The landing gear on a fifth-wheel trailer are two jacks that are usually coupled together and are motor driven. Landing gears lift the front of the fifth-wheel trailer up so that the truck can be driven under the front and hitch-up. Once hitched up, the landing gear jacks are raised to their stowed position for traveling.
A jack lowered from the underside of trailers and motor homes for the purpose of leveling the vehicle. A leveling jack is designed to bear a significant portion of the RV's weight, even lifting it off the ground on certain models.
A differential that is designed with a mechanism that limits the speed and torque differences between its two outputs, ensuring that torque is distributed to both drive wheels, even when one is on a slippery surface.
Truck rating originally conceived to indicate cargo carrying capacity of one ton (2,000 lbs). Today, tonnage rating is no longer an accurate indication of cargo carrying capacity. It is more of a relational indication among trucks in different categories. Common one ton pickup truck models are the Chevrolet 3500, Dodge 3500, Ford F-350, and GMC 3500.
Camping without the modern convenience of full-hookup facilities of city/well water, sewer/septic and electricity. Primitive campers rely on 'on-board' systems for these conveniences; generator, batteries, stored water, etc.
Term for a camping space (whether in campground or not) that only requires the driver to "pull-through" or "drive-through" to access the camping spot, and upon leaving you again just drive forward to leave or exit the camping space.
A set of gears found in the rear axle of vehicles, designed to distribute drive shaft power to the two wheels. It applies power to both wheels while allowing each to spin at different rates during cornering.
Slang for "refrigerator". Refrigerators are often found in either a "two-way" or "three-way" operating mode. Two-way: Have a gas mode and an AC mode. Three-way: has a gas mode, AC mode, and 12v DC mode. The coolant used in RV refrigeration is ammonia.
Air conditioning unit mounted on roof of RV, to cool the RV when it is parked. When moving, most RVs are cooled by separate air conditioning units which are components of the engine, or they may be cooled by a roof top if a proper size generator is installed.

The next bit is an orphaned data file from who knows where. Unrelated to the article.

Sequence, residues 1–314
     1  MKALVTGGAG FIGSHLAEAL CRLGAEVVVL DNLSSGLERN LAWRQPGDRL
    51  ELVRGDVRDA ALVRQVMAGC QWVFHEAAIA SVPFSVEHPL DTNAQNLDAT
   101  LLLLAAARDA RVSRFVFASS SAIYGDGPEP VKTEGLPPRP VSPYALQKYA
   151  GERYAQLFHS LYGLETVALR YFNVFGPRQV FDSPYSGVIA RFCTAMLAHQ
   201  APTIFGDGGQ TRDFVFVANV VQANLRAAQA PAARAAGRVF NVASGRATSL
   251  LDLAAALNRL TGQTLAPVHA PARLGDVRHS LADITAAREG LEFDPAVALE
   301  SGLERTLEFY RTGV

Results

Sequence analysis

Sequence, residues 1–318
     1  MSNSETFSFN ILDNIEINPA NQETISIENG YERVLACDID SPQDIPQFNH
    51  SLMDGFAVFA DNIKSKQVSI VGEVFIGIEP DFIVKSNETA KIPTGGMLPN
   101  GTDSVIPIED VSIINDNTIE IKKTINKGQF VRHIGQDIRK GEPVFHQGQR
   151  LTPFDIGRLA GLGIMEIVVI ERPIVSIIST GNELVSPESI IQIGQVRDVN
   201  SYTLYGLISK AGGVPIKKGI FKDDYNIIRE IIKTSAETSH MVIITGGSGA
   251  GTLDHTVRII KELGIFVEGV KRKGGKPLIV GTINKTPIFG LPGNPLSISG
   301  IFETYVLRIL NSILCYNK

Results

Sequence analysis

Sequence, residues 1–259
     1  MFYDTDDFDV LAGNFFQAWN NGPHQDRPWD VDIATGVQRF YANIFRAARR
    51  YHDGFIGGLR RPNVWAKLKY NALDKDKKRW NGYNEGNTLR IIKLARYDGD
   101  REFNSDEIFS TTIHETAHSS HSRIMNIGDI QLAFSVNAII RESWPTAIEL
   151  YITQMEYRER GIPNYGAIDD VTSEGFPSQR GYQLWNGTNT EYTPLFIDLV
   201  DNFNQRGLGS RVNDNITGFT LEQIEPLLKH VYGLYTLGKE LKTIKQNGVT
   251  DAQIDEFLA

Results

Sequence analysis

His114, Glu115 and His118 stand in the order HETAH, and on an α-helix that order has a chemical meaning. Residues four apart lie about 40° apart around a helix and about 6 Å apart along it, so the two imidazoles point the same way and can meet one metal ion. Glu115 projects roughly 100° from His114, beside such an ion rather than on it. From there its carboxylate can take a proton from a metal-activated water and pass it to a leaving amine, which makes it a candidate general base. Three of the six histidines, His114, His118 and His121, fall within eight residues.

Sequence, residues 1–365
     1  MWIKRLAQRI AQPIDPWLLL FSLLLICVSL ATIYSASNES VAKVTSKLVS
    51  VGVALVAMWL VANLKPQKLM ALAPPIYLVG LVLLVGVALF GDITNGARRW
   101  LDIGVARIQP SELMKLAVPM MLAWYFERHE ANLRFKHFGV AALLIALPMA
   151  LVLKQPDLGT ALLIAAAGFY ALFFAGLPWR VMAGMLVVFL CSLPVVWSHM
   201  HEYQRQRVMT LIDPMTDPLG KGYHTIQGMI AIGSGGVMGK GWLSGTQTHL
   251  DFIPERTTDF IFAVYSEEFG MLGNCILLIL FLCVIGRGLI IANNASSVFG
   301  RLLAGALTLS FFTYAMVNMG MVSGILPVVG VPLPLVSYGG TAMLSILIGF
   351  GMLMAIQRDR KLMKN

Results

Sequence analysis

RV: Short for "recreational vehicle".
An RV that needs no external connections to provide short-term cooking, bathing, and heating functions and could park overnight anywhere. Self-contained units can also hook up to facilities when at campgrounds.
Component parts of a weight-distributing hitch system, the spring bars are installed and tensioned in such a manner as to distribute a portion of the trailer's hitch weight to the front axle of the tow vehicle and to the axles of the trailer.
A jack inserted under or lowered from trailers and motor homes for the purpose of stabilizing the vehicle. A stabilizing jack is not designed to bear a significant portion of the RV's weight, only a small amount to reduce movement during occupancy. Stabilizing jacks are generally found toward the back of trailers, under the king pin of fifth wheels, and under some slides.
Devices designed to damp the swaying action of a trailer, either through a friction system or a "cam action" system that slows and absorbs the pivotal articulating action between tow vehicle and trailer.
A dead axle behind the drive axle that helps support the weight of the overhang and gives you a little more GVW capacity so you don't have to put the full load on the drive axle. Most tag axles are good for supporting 4-5,000 pounds.
A thermocouple is a device that monitors the pilot flame of a pilot model propane appliance. If the pilot flame is extinguished the thermocouple causes the gas valve to shut off the flow of gas to both the pilot flame and the main burner.
Truck rating originally conceived to indicate cargo carrying capacity of three quarter tons (1,500 lbs). Today, tonnage rating is no longer an accurate indication of cargo carrying capacity. It is more of a relational indication among trucks in different categories. Common three quarter ton pickup truck models are the Chevrolet 2500, Dodge 2500, Ford F-250, and GMC 2500.
Brakes that are built into the trailer axle systems and are activated either by electric impulse or by a surge mechanism. The overwhelming majority of RVs utilize electric trailer brakes that are actuated when the tow vehicle's brakes are operated, or when a brake controller is manually activated. Surge brakes utilize a mechanism that is positioned at the coupler that detects when the tow vehicle is slowing or stopping, and activates the trailer brakes via a hydraulic system.
The wiring harness that connects the tow vehicle to the trailer, supplying electricity to the trailer's clearance and brake lights, electric brakes and a 12-volt DC power line (to charge the trailer's batteries).
Also known as an "equalizing" hitch, this category includes hitch systems that utilize spring bars that can be placed under tension to distribute a portion of the trailer's hitch weight to the tow vehicle's front axle and the trailer's axles.